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A Bayesian formulation of exploratory data analysis and goodness-of-fit testing

I love this paper. Here’s the abstract (yes, it’s too long, I know):

Exploratory data analysis (EDA) and Bayesian inference (or, more generally, complex statistical modeling)–which are generally considered as unrelated statistical paradigms–can be particularly effective in combination. In this paper, we present a Bayesian framework for EDA based on posterior predictive checks. We explain how posterior predictive simulations can be used to create reference distributions for EDA graphs, and how this approach resolves some theoretical problems in Bayesian data analysis. We show how the generalization of Bayesian inference to include replicated data y.rep and replicated parameters theta.rep follows a long tradition of generalizations in Bayesian theory.

On the theoretical level, we present a predictive Bayesian formulation of goodness-of-fit testing, distinguishing between p-values (posterior probabilities that specified antisymmetric discrepancy measures will exceed 0) and u-values (data summaries with uniform sampling distributions). We explain that p-values, unlike u-values, are Bayesian probability statements in that they condition on observed data.

Having reviewed the general theoretical framework, we discuss the implications for statistical graphics and exploratory data analysis, with the goal being to unify exploratory data analysis with more formal statistical methods based on probability models. We interpret various graphical displays as posterior predictive checks and discuss how Bayesian inference can be used to determine reference distributions.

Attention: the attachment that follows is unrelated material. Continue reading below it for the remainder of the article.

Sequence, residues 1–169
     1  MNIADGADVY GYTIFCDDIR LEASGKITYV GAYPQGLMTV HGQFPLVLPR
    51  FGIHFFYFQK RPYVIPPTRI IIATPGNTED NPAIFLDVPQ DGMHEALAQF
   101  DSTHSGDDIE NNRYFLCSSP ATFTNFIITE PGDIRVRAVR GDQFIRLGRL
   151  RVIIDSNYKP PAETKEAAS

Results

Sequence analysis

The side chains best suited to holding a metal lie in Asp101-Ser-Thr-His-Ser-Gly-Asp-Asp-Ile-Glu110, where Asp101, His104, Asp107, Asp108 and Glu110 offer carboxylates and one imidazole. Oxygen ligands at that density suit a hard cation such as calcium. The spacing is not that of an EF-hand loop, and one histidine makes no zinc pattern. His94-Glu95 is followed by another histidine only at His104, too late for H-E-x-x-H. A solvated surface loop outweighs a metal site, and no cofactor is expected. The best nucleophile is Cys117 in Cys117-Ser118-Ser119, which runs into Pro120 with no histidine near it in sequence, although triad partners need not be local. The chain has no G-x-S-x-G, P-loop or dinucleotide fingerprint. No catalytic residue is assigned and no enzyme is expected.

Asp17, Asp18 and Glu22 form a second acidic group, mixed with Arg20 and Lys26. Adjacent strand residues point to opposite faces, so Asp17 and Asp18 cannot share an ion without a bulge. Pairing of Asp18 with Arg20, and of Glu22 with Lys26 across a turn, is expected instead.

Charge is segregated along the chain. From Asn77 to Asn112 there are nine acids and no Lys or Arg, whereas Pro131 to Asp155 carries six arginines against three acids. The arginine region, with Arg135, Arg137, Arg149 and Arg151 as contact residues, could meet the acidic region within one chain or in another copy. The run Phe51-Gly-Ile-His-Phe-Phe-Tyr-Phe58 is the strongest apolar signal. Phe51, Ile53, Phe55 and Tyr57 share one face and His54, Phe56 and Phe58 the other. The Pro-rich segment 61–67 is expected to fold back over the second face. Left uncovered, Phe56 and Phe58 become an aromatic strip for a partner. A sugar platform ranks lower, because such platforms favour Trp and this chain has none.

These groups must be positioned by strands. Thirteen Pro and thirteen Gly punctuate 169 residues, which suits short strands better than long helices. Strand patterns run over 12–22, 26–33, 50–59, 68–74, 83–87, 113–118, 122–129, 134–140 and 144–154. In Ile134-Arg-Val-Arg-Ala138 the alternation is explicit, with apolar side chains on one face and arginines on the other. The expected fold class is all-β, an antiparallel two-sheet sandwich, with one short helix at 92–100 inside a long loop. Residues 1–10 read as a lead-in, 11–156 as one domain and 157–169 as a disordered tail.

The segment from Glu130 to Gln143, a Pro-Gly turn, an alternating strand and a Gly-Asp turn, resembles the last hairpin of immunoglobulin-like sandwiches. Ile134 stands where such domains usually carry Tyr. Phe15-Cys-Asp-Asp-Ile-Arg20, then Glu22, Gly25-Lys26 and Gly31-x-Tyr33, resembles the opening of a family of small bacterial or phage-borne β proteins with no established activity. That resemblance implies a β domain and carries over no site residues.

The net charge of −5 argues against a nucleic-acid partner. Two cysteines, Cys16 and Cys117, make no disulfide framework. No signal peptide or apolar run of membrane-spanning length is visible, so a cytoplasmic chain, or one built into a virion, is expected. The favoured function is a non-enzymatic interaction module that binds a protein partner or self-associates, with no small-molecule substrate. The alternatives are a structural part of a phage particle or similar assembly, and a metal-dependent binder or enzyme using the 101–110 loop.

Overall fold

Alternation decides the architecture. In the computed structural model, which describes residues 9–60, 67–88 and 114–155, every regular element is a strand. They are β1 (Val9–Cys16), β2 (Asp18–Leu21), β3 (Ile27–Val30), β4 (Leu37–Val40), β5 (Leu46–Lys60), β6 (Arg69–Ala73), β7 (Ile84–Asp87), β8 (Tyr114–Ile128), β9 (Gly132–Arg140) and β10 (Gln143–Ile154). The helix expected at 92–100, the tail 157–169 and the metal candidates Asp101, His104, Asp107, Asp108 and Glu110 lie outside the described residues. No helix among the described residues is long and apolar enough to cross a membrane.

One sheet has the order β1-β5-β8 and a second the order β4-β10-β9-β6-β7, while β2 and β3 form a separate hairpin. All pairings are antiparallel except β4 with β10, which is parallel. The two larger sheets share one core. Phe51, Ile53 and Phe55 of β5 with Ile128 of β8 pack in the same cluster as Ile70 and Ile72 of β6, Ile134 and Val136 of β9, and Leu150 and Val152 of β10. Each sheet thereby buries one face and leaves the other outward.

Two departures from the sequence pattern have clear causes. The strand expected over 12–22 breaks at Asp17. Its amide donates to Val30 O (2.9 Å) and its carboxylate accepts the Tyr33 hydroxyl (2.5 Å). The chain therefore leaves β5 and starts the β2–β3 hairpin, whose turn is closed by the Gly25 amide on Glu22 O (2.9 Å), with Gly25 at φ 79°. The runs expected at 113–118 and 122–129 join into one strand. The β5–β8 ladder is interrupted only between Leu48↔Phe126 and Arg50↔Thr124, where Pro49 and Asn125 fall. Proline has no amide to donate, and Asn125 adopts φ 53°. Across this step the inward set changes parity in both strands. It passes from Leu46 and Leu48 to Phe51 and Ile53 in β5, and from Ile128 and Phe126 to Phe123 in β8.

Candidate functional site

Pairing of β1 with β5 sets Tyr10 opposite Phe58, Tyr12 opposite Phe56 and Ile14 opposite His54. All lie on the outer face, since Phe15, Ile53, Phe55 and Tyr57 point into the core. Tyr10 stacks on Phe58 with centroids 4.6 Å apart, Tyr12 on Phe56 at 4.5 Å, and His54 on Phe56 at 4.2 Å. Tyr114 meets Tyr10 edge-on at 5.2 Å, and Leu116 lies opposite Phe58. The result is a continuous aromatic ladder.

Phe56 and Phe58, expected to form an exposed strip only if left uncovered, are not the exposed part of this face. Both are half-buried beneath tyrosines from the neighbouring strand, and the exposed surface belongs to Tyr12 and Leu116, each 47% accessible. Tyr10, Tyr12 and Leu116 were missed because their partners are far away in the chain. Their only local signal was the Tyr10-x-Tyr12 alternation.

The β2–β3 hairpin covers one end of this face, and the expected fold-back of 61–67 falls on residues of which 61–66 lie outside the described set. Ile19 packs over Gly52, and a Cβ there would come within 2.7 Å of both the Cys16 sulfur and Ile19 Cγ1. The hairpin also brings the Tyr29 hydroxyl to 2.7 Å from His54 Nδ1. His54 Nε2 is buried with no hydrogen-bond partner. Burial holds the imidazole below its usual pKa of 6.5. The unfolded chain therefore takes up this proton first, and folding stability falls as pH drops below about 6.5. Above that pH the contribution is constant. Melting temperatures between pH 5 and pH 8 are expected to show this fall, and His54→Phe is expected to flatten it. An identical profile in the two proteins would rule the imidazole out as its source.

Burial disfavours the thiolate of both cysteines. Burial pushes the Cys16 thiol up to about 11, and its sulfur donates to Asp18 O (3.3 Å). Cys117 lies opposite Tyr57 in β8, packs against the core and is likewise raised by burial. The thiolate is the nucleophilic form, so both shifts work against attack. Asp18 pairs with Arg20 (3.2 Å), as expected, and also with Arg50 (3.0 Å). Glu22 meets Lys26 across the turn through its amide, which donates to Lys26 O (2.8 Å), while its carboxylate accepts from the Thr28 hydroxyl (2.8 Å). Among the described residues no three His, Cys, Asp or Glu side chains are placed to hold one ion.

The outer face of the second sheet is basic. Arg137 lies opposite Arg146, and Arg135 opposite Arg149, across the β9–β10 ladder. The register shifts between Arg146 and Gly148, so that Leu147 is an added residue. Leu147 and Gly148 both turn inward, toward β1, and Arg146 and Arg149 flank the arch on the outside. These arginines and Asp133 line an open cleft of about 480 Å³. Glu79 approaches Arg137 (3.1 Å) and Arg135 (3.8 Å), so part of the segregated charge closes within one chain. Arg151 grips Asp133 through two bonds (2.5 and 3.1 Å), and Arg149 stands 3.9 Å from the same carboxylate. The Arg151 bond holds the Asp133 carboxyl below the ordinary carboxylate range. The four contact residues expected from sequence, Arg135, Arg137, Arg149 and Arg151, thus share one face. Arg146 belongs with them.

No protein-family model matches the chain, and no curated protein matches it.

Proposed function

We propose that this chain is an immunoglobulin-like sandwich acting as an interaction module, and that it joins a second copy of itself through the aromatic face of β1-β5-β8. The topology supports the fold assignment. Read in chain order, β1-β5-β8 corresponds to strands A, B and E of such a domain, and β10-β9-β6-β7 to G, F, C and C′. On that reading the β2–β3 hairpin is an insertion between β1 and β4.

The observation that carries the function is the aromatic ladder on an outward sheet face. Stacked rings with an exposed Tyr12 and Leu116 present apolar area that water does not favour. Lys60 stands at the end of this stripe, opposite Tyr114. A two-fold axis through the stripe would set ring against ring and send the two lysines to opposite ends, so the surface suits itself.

We conclude with a discussion of the implications for practical Bayesian inference. In particular, we anticipate that Bayesian software can be generalized to draw simulations of replicated data and parameters from their posterior predictive distribution, and these can in turn be used to calibrate EDA graphs.

Also this paper.

2 Comments

  1. carolyn says:

    You haven't told us why you love it, and I for one would like to know!

  2. Hadley says:

    It seems to me that in your paper the connection between EDA and Bayesian inference rests on your claim that "EDA is based on models". Is it really? You present two methods often used in EDA that incorporate models (two-way plot fitting, and hanging rootograms) but are these representative of EDA as a whole? What is the model behind a scatterplot? Behind a histogram?

    I like the definition of EDA at NIST: "EDA is an approach to data analysis that postpones the usual assumptions about what kind of model the data follow with the more direct approach of allowing the data itself to reveal its underlying structure and model."